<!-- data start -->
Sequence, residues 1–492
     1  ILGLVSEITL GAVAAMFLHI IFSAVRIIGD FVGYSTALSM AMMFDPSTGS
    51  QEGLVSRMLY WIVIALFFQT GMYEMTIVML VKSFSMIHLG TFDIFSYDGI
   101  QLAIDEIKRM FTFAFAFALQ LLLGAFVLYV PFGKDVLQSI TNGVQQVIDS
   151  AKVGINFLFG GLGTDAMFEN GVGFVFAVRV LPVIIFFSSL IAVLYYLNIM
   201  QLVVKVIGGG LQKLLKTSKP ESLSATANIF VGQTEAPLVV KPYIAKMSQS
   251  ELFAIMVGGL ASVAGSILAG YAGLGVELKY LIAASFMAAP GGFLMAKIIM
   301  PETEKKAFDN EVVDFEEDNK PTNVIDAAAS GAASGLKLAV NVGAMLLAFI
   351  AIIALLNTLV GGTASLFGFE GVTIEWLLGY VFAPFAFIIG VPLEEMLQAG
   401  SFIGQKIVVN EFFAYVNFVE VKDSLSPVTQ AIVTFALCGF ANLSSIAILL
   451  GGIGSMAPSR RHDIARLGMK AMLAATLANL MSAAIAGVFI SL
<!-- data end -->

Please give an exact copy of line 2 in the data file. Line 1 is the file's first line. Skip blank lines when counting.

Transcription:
     1  ILGLVSEITL GAVAAMFLHI IFSAVRIIGD FVGYSTALSM AMMFDPSTGS